‘I ‘d have been happier if Afcon matches are on national TV’
LAGOS (AFP) – Nigeria’s Super Eagles are surging towards the African Cup of Nations final and the football-mad nation is watching closely, but this year, seeing the action on TV has proved tougher than normal for most.
Following a dispute over licensing fees, no Nigerian broadcaster secured the rights to show the 2013 tournament, so those who want to see Nigeria take on Mali in Wednesday’s semi-final will have to either get a satellite dish or go to a venue which has one.
“I would have been happier if the matches are shown on (national broadcaster) NTA where I can watch it with my friends and relations without paying a dime,” said Abu Mohammed, 32, a fruit-seller in Lagos’s Obalende market.
Instead, residents of the continent’s most populous nation head to outdoor bars with satellite TV access — called “viewing centres” — to watch the matches being played in South Africa on big screens.
The Confederation of African Football’s chief, Hicham El Amrani, recently reportedly told journalists in South Africa that Nigerian broadcasters offered a bid which was far too low and CAF had to reject it.
The Broadcasting Organisation of Nigeria (BON), an umbrella body that bid for the rights, reacted to that charge on Tuesday, insisting that the middlemen it was forced to negotiate with demanded an unrealistic price from networks.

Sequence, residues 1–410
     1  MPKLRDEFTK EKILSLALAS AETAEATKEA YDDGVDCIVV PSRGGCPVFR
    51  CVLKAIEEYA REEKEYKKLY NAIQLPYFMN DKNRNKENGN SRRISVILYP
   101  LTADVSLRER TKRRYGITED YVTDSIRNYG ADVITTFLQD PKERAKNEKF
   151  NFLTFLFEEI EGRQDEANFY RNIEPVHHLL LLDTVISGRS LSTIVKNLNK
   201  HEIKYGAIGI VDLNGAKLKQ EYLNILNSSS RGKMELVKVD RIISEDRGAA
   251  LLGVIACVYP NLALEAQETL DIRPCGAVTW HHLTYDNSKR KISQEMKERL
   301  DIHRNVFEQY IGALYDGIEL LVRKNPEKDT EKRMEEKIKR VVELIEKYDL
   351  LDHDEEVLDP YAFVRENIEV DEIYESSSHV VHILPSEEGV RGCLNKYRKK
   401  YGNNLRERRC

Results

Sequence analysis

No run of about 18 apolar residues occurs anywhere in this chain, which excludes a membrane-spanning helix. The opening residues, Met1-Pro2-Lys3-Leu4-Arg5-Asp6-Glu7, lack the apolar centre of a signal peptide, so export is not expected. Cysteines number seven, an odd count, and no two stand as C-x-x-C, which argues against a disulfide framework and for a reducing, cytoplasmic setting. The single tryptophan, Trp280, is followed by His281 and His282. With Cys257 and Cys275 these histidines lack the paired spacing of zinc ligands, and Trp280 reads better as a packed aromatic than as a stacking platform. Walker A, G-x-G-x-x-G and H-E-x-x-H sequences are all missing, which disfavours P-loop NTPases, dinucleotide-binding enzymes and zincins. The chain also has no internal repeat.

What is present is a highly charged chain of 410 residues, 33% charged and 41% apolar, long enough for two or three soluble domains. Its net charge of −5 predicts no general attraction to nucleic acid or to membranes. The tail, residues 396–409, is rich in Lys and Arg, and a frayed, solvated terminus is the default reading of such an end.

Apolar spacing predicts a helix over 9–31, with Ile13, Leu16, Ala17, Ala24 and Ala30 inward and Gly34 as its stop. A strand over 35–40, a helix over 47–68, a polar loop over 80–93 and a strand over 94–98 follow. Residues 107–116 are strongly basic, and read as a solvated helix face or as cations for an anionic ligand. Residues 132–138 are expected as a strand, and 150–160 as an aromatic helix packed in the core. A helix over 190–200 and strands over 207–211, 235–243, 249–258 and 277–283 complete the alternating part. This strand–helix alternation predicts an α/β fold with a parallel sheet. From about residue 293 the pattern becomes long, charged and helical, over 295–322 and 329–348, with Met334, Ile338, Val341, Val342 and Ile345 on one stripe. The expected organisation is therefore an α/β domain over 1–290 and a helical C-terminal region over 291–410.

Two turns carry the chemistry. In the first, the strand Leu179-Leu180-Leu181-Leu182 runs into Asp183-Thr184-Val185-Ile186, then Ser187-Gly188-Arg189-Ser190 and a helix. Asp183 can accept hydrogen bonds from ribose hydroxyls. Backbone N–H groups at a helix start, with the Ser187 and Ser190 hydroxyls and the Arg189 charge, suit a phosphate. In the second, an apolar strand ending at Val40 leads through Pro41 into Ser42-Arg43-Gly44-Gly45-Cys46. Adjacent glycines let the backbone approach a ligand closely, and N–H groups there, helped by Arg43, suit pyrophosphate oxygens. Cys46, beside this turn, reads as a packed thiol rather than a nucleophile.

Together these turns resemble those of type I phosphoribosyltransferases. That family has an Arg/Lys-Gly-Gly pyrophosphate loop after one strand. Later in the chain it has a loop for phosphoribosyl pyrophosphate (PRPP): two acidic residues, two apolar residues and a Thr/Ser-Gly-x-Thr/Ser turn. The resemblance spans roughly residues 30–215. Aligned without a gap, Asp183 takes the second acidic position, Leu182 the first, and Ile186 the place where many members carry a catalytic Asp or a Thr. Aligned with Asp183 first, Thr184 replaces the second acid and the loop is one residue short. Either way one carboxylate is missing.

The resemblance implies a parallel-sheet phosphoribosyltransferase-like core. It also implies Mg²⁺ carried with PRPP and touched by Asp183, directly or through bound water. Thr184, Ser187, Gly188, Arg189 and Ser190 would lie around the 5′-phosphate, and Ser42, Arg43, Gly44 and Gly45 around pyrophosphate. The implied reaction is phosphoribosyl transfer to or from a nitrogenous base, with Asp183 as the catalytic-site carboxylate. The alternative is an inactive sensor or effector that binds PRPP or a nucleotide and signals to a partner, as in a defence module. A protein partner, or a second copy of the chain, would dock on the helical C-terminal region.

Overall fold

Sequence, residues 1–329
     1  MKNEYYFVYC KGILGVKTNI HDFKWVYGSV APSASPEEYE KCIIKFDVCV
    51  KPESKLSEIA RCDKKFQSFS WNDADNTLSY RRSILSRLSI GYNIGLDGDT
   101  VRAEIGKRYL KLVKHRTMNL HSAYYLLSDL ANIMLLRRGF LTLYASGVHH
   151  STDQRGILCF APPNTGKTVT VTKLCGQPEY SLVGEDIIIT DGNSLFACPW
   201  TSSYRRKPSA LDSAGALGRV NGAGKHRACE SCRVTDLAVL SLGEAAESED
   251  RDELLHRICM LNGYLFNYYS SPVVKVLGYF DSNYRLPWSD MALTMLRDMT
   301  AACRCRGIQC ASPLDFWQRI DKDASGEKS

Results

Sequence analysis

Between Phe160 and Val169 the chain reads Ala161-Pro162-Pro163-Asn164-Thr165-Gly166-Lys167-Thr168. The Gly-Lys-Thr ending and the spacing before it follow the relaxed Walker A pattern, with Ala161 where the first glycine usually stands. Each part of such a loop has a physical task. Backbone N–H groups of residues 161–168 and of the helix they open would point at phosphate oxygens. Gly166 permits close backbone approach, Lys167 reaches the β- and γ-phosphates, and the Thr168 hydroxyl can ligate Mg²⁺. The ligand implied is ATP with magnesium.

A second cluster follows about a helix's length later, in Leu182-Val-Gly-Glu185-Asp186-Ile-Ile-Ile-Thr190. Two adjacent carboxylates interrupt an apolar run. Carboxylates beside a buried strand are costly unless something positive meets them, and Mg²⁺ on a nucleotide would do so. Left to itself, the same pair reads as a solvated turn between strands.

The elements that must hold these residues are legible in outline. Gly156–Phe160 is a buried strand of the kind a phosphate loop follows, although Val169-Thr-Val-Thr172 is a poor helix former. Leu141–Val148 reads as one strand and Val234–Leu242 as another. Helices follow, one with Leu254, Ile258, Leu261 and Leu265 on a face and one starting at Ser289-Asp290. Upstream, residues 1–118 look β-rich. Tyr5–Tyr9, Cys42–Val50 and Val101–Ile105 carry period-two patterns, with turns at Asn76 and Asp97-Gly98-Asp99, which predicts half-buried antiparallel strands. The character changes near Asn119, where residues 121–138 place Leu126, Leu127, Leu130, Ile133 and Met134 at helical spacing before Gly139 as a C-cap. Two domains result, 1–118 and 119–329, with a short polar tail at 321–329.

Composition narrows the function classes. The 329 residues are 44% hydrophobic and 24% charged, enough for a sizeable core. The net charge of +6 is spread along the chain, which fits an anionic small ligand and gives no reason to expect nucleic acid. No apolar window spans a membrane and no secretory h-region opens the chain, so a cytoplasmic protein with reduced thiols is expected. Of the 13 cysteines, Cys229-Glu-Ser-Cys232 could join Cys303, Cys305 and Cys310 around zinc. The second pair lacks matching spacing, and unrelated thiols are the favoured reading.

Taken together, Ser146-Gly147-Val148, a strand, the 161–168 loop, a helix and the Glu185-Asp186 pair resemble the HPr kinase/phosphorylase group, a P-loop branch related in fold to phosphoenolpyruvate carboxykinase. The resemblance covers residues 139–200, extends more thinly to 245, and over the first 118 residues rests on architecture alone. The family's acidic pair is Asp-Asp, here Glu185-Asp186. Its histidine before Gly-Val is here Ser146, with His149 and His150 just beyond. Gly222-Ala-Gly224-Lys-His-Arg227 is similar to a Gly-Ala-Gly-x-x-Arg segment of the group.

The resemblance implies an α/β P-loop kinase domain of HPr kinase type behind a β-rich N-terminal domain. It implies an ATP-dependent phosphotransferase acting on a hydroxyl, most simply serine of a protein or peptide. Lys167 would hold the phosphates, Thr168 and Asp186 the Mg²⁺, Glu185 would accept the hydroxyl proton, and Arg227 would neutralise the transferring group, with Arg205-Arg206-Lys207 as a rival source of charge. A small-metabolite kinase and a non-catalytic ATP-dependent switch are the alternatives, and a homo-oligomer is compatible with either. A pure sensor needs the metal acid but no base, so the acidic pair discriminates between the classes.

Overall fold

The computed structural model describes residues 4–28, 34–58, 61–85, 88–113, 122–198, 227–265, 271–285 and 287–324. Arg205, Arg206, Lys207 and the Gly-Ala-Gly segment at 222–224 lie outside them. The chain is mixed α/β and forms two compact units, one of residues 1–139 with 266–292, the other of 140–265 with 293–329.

“Has football now become a board room affair in Africa, rather than the interest of the people?” BON chief Segun Olaleye said in statement.
“Why is it that CAF deals with middlemen rather than media owners?” he said, criticising Amrani for discussing the dispute publicly without speaking directly with BON.
“He has never called me. He has never called anybody,” Olaleye told AFP, also rejecting reports that BON only bid $1.5 million (1.1 million euros) to broadcast AFCON.
Media firm LC2 holds the broadcast rights for the 2013 tournament and was authorised to negotiate individual TV and radio deals across Africa.
According to Olaleye, LC2 in November insisted on a price of six million euros, then on January 14, five days before the first match, dropped their price to 4.5 million euros at a meeting with BON in Nigeria’s capital Abuja.
At the meeting, BON upped its bid to $3.5 million, but LC2 rejected the offer, Olaleye said.
LC2 was free to negotiate with other Nigerian firms, he added, suggesting that if 4.5 million euros was a feasible price, another partner might have emerged.
Contacted by AFP, Redouane Amraoui of LC2 declined to comment.
Mohammed, the market fruit-seller, said he knew little about these failed negotiations, except that they have forced him to spend 100 naira ($0.63) per match to enter a so-called viewing centre with a satellite link.
“I will be there tomorrow,” he said of the contest against Mali, which comes after Nigeria secured a shocking upset against powerhouse Ivory Coast in Sunday’s quarter-final.
But if Nigeria wins on Wednesday and earns a chance to take its first African cup since 1994, there is a chance that Mohammed will be able to watch Sunday’s final at home.
“We are talking to (LC2) today,” Olaleye said when asked if BON could secure the broadcast rights for just the championship match. “Definitely, it’s possible.”